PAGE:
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Both inside your company and outside, you’ve a large pool of talent to choose from. Handled right, they could help your business flourish. But are you making the most of this pool? We asked Kerri Hollis, who leads the UK Accessibility Practice from the Business Group, for her views on how you can create a culture of inclusion. She knows the benefits that people with disabilities can bring, and the strategies that can make a difference for them.   

We keep hearing about the war for talent and how companies need to recruit and retain the best. But here’s a question that I keep asking myself. Why would a company want to limit the size of the talent pool that’s available to them?

This is exactly what more than half of workplaces are doing. It sounds almost unbelievable. But it’s absolutely true. They’re excluding people with disabilities. A couple of years ago, Acas reported that companies employed over three million people with disabilities, but that still left nearly five million without a job. The ridiculous thing is that this is completely unnecessary. It’s generally founded on misconceptions. And in fact, by excluding this pool of talent, they’re excluding some extraordinary performers.

Misconceptions like…

Many people still have preconceptions about disabilities. They believe that employing people with disabilities is going to cost more money. That it’s going to take up more resources or people will have more days off sick.

Wrong, wrong, and wrong.

Microsoft Blogger Series-Kerri Hollis-Inclusive culture is an opportunity for businesses

To start with, any adjustments you need to make – and bear in mind that you may not need to make any – may be small or low-cost. For example, a designated parking space won’t cost a thing. Nor will giving someone a dedicated place to work instead of hot desking, or offering them a more flexible working pattern.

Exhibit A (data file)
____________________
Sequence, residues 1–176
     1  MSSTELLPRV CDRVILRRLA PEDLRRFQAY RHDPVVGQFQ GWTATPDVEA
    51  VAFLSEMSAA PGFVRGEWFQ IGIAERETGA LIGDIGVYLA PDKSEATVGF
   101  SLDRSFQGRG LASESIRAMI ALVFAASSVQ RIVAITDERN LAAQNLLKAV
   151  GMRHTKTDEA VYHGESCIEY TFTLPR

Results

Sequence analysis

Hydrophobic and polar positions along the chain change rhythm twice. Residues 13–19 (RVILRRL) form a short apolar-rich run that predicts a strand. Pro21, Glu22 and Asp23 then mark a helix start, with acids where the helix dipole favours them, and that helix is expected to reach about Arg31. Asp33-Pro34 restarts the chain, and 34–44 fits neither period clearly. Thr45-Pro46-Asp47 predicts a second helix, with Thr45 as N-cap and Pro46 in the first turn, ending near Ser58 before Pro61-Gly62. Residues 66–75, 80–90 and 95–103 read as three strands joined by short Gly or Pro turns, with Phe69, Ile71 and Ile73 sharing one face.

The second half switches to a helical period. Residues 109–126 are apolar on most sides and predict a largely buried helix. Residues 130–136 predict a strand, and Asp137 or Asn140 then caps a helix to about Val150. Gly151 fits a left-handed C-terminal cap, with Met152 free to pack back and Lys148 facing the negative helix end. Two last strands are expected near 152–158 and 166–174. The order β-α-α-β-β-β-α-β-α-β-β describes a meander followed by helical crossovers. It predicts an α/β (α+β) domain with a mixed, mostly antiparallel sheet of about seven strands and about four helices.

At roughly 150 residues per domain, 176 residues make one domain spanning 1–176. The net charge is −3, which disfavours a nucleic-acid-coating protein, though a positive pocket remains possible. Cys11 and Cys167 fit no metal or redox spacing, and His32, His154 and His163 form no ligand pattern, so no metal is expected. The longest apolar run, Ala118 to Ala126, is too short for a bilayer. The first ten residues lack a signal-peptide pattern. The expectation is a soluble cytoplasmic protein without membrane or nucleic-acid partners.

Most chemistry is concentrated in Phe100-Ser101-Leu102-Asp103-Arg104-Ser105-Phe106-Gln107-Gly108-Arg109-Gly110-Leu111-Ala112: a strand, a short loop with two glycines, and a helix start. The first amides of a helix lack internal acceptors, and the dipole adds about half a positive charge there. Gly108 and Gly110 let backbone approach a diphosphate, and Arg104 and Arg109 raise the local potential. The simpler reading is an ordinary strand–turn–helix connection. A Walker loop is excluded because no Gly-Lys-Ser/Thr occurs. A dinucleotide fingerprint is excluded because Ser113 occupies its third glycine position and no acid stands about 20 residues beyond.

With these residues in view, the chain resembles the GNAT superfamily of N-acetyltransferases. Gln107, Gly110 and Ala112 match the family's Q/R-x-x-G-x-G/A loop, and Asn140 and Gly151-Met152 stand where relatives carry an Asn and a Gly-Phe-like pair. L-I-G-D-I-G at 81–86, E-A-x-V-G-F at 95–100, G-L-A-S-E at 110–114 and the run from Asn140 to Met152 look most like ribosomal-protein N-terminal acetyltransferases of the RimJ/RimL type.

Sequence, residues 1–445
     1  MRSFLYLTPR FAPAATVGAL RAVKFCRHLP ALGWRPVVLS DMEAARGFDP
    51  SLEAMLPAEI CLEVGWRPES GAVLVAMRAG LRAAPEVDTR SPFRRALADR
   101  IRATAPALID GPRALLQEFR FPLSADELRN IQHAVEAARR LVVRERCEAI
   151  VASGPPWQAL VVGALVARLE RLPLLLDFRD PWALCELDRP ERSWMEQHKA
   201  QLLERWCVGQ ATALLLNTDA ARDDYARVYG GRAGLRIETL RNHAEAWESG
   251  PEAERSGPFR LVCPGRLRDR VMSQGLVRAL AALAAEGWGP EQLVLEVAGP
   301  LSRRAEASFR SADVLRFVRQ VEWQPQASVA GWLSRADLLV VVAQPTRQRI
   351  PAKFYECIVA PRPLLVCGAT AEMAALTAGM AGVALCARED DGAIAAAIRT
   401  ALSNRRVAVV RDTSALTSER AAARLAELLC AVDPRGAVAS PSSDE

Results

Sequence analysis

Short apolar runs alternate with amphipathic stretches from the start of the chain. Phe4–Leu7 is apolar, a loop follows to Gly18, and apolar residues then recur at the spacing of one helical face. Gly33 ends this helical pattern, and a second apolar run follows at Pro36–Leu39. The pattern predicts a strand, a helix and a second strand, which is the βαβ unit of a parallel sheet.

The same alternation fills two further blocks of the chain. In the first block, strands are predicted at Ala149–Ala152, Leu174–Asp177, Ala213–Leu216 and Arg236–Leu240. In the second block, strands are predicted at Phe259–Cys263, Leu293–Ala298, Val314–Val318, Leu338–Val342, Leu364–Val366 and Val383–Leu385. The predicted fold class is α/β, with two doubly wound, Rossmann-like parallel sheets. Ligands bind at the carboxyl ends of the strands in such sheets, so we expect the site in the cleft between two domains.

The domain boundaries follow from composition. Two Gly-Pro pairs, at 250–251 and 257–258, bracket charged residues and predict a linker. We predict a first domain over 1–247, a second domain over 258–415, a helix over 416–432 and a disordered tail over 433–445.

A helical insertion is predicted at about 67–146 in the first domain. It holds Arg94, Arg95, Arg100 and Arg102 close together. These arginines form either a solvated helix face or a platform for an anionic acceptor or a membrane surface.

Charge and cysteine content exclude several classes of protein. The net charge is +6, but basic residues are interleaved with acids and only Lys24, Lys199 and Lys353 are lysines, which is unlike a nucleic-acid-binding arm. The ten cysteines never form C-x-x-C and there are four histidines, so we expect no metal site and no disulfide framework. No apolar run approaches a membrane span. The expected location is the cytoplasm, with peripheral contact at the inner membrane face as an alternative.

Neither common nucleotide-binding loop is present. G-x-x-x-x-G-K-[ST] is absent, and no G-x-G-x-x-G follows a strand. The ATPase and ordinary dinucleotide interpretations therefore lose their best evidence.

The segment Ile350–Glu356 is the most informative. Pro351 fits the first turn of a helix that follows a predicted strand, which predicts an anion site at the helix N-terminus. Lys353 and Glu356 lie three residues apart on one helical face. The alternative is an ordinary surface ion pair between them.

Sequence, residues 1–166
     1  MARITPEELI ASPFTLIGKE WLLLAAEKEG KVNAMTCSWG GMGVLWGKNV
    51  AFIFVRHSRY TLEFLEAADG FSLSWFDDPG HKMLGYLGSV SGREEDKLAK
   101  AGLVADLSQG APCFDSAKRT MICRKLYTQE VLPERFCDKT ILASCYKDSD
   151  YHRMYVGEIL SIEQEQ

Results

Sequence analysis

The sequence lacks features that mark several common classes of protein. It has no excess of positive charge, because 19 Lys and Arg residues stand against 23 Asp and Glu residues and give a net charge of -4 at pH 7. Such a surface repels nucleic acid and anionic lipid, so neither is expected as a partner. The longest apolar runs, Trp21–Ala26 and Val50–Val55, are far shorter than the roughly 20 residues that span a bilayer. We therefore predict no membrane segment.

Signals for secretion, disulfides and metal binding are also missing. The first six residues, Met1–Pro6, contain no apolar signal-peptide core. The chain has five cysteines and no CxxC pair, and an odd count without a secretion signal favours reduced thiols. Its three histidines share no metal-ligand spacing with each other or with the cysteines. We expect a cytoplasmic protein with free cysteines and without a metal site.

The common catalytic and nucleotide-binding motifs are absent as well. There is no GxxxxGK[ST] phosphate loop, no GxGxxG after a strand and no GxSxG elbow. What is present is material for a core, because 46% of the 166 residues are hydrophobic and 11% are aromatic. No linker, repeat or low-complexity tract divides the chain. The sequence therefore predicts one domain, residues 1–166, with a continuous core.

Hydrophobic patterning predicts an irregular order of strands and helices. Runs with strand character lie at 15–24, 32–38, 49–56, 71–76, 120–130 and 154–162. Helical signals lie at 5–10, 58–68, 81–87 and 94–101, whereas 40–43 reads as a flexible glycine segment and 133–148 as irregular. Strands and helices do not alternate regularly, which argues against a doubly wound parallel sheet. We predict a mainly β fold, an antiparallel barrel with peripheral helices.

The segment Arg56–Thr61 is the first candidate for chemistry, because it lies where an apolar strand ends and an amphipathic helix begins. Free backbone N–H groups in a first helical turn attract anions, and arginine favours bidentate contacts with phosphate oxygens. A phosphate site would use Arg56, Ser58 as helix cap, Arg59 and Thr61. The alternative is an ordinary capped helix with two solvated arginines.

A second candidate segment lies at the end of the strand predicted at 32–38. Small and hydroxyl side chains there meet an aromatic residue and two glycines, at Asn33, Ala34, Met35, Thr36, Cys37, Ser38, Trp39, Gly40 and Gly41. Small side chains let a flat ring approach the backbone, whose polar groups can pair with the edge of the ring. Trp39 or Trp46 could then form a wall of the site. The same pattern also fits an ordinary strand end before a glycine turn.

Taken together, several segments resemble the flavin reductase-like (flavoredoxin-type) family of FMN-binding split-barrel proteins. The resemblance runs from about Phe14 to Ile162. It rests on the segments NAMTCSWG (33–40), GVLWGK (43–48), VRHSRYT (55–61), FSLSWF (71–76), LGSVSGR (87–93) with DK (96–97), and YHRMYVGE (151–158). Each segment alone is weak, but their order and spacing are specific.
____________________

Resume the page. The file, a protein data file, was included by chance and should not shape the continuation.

Don’t be embarrassed to ask what would make a difference to someone’s ability to do the job. It’s a question you’re already asking if you operate a choose your own device policy.

And remember, around 70% of people don’t have any visible sign of their disability. They could have diabetes or epilepsy, for instance.

So what can you do to create a workplace that’s truly diverse and welcoming? You create a culture of inclusion.

Why an inclusive culture is better

Having a culture of inclusion is about creating a place where everyone feels included and valued. And where gender, disability, and ethnic background aren’t relevant to people’s abilities to do their jobs. Helping people to be their best means that the business – and others – benefit as well. If you can enable everybody to achieve more, you’re not just empowering those with a disability. You’re helping everybody on the planet to do more.

Word spreads fast if you’ve got such a culture. You attract talent from everywhere. You also help your existing employees with disabilities – even those with hidden ones – to be happier and more productive. And why not? They’re getting a chance to shine.